closely linked to its heritage.
The customary greeting is
‘As-salam alaikum,’ (peace be
upon you) to which the reply
is ‘Waalaikum as-salam,’
(and upon you be peace).
When entering a meeting,
general introductions will begin
with a handshake. You should
greet each of your Emirati
counterparts individually. In
line with Muslim customs,
avoid shaking hands with a
woman unless they extend
their hand first. Business cards
are common but not essential
to Emirati business culture. If
you do intend to use business
cards whilst in the UAE, ensure
that the information is printed
in both English and Arabic.
People in the UAE prefer to do
business in person. Relationships
and mutual trust are paramount
for any successful business
interaction and can only be
developed through face-to-face
meetings. It is important to
spend time with Emirati business
counterparts and ensure future
meetings take place to continue
cultivating the relationship.
It is also important to have
connections with people in
the UAE who can facilitate
introductions before attempting
to do business in the country.
Emiratis prefer to do business
with those they know, so
appropriate introductions are
important in order to establish a
successful business relationship.
Conducting business in the UAE
Forms of business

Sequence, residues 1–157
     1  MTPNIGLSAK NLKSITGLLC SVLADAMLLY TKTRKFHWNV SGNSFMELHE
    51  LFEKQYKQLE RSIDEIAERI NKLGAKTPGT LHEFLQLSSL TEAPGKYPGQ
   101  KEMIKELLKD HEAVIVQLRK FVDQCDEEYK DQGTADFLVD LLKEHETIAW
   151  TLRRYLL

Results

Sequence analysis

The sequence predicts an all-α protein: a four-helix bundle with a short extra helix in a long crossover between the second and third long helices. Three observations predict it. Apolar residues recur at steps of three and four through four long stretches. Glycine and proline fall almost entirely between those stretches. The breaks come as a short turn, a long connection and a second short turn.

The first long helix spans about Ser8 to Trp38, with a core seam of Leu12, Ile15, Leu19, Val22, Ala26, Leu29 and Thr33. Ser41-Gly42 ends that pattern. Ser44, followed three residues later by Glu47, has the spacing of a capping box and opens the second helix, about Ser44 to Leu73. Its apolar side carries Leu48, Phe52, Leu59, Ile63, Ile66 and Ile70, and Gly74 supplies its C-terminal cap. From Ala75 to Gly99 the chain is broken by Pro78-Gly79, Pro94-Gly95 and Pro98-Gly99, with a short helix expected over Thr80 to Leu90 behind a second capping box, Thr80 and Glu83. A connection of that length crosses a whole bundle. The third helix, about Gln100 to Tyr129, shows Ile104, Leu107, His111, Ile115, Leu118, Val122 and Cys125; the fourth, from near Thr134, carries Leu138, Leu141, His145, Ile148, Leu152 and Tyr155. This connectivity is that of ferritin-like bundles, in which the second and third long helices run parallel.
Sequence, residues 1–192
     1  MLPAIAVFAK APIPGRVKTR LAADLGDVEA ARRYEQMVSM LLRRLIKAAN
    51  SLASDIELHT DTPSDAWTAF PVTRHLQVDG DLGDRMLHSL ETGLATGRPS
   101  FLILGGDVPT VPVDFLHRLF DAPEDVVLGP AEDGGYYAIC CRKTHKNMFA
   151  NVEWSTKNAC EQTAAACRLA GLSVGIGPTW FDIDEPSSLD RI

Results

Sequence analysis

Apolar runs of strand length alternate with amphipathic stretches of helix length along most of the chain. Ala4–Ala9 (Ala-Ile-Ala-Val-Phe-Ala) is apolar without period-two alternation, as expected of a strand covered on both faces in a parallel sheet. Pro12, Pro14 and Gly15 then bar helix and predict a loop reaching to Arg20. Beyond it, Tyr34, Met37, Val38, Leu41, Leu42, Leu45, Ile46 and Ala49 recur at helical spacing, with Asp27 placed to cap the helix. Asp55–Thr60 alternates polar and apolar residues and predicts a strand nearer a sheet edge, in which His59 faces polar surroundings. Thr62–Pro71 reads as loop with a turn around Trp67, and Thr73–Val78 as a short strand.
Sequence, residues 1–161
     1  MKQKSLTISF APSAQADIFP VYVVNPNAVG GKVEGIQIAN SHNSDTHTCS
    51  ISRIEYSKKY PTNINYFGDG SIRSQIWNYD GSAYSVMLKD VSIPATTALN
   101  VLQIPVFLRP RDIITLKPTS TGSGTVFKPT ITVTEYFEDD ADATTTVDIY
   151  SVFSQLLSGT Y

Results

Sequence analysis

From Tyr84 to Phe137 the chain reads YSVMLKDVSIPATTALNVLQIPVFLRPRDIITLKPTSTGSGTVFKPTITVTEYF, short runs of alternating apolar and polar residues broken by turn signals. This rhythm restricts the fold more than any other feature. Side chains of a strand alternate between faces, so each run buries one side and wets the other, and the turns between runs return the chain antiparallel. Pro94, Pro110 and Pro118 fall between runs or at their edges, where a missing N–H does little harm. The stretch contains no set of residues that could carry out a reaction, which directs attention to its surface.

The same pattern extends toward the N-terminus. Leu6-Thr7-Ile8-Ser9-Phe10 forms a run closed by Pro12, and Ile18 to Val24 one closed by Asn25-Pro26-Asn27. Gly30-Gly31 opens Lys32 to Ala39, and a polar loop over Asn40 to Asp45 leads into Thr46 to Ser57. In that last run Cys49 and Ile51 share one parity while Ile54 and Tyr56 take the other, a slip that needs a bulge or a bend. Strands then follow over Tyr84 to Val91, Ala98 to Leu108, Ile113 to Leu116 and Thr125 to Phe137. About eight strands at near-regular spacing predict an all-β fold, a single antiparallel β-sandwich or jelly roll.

Foreign investors can carry
out any activities in the UAE
only after being registered
and licensed by the relevant
authorities in the UAE.
In general, a foreign investor
can establish a suitable
business presence in either
the UAE mainland (also
commonly known as ‘onshore’)
or a business presence
‘offshore’. An ‘offshore’
business presence typically
refers to a registration in one
of the UAE free trade zones.
This type of registration of
business inside the free trade
zone is not to be confused
with the regulatory system
for offshore companies (also
referred to as ‘International
Business Companies’) which
exist in certain freezones.
In terms of the legal forms,
UAE Company Law provides
the regulations governing the
operations of foreign business.
The Federal Law provides for
seven categories of business
organisation: limited liability
company, branches, partnership,
joint venture company, public
shareholding company, private
shareholding company and
share partnership company.
14
However, owing to certain
restrictions, the choices
commonly adopted by foreign
companies are generally limited
to a limited liability company
(‘LLC’) or a branch. The other
options e.g. partnerships and
joint venture etc. are usually
not favoured by foreign investors.
A representative office is broadly
similar to a branch, except in that
a representative office is only
permitted to promote its parent
company’s activities and is not
permitted to undertake any
income earning activities.
As per the UAE Commercial
Companies Law, the foreign
ownership of a LLC may
not exceed 49%, with the
balance of 51% to be held
by a UAE national.
Investors also have a choice
to set up operations in one
of the free trade zones in the
UAE. A free trade zone is a
geographical area within the
UAE that has been established
by the UAE government to
generally encourage direct
foreign investment into the
UAE and, as such, there are
generally no foreign ownership
restrictions, unlike ‘onshore’
entities. That is, foreign investors
can set up 100% fully-owned
entities in the free trade zones.
The principle drawback of a
free trade zone is that strictly,